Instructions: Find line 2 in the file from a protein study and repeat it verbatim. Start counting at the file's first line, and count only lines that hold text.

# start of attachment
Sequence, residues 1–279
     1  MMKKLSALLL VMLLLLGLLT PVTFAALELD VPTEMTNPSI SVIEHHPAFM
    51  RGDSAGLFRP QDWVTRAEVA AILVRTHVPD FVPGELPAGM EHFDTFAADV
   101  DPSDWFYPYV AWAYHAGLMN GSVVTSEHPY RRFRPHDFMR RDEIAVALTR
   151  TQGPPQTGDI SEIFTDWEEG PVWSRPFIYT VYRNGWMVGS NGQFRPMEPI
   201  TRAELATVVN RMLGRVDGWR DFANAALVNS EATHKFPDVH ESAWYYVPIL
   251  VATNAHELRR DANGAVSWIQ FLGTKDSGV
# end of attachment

     1  MMKKLSALLL VMLLLLGLLT PVTFAALELD VPTEMTNPSI SVIEHHPAFM